We recently wrote a recommendation for a software system for one of our longstanding clients. Although there was no mention of integration with our system we found ourselves looking at the system’s ability to integrate. This is a major purchase for the client, and they know we’ve done and seen a lot of software. Eventually, they will want to use the software to share and gather data from other systems like ours. It just makes sense.
Let’s look at this scenario…a technician purchases materials to complete a work order. The technician completes the work order and enters the purchase information into the CMMS.
…data accuracy. It makes sense to enter the data in your system of record and just share it. If you review the work order and then have to also enter that data into the accounting system you just doubled the chances of a data entry error.
…efficiency. Entering the data a second time into the accounting system doubles the labor involved in reporting the purchase.
…timeliness. An integration can update at regular intervals. A mass data dump is much faster than a manual entry process and ensures the data is entered in all systems in a timely fashion and contains exactly the same information. Integrations don’t take vacations, call in sick or get behind schedule. They just happen.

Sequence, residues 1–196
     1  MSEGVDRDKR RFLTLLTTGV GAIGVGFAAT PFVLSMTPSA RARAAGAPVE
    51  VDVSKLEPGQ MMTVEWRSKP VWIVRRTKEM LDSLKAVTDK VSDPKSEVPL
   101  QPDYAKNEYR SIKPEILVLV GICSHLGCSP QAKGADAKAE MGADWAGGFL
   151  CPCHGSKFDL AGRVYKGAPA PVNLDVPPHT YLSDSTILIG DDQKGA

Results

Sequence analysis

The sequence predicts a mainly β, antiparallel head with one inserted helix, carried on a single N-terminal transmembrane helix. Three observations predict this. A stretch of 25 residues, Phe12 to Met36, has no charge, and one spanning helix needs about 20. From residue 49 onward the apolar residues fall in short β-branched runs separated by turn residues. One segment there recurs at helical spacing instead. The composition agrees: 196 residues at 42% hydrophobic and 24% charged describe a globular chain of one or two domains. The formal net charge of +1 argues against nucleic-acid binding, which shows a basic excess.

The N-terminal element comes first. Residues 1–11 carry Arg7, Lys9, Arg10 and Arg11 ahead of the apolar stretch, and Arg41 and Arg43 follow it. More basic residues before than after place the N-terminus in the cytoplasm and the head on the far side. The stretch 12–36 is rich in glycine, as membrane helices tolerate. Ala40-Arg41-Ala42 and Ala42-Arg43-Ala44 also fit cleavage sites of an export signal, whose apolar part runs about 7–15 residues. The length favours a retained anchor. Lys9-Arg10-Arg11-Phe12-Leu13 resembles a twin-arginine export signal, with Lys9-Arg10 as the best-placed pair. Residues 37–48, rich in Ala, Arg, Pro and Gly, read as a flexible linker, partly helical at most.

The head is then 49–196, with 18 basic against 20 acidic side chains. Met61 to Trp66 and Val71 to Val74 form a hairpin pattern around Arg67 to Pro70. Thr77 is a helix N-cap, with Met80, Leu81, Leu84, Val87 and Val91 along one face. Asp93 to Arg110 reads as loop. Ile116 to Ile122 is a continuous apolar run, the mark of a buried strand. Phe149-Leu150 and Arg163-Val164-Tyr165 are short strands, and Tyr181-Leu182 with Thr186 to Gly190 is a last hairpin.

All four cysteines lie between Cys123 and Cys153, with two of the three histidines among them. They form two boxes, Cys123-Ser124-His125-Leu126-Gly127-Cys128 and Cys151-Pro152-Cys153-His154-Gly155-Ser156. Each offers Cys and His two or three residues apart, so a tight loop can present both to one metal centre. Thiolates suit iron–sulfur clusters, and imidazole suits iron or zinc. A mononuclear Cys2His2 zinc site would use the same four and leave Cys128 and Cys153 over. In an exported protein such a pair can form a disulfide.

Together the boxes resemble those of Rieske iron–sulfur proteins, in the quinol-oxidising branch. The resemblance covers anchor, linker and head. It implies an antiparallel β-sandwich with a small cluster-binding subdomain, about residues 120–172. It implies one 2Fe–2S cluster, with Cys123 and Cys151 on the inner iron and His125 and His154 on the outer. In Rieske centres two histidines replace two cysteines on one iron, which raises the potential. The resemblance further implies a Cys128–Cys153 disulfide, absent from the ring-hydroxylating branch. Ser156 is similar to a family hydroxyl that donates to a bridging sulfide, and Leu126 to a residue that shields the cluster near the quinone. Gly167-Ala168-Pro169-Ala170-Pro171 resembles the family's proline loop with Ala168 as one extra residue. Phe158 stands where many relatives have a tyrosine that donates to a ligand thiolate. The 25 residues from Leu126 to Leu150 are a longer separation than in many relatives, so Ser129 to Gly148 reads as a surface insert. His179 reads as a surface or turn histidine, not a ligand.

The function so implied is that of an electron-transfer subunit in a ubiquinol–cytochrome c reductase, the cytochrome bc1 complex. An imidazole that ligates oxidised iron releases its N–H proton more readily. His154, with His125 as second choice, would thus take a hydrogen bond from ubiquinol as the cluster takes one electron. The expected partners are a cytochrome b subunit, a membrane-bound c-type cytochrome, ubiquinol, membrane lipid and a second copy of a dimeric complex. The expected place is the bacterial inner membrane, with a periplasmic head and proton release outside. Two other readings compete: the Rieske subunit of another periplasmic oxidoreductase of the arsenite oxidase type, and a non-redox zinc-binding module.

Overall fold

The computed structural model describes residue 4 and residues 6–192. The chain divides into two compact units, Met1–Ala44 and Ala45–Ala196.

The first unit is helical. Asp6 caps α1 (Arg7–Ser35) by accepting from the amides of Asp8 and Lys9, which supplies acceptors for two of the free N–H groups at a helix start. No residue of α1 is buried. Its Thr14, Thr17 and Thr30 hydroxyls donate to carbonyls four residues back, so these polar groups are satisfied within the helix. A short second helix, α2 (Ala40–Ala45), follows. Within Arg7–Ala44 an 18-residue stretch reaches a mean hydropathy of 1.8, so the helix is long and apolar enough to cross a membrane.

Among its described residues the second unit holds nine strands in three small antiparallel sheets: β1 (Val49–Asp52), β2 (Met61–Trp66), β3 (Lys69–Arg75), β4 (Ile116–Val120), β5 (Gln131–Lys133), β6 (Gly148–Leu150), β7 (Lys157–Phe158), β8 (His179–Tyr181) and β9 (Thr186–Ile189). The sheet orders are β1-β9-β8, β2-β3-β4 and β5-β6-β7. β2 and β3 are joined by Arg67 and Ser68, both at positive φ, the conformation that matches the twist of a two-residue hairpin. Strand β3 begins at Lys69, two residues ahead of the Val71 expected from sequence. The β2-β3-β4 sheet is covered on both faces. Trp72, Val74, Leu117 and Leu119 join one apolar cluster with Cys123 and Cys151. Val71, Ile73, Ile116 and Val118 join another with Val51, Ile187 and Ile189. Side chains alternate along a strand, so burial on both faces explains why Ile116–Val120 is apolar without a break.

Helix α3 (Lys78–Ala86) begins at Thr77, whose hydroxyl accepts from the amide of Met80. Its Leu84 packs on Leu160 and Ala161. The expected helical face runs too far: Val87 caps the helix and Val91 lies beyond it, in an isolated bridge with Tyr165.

…communication. Each department has “their system”. Maintenance has a CMMS. Accounting has a financial management system. Let the two software systems talk to each other and your techs can automagically get their pay raises reflected as labor rates in the CMMS as soon as accounting updates it.
You’ve heard the old saying time is money. It’s true. If you’re spending time entering data that has already been entered somewhere else then you’re not doing other tasks that should be done. In an environment where getting more done with fewer resources is an important part of doing business, integration makes even more sense.
This is just one example. We can go on all day about the benefits of integrating with a building automation system, single sign on systems, and any other type of system you can imagine. If you have data that is important to someone else or if they have data that is important to you, consider integration. It allows each of you to get the data from a familiar system and in a familiar format, while minimizing the risk of entry errors and lowering the resource cost of entering the data. This help you save time, gather better information, make better decisions and save money!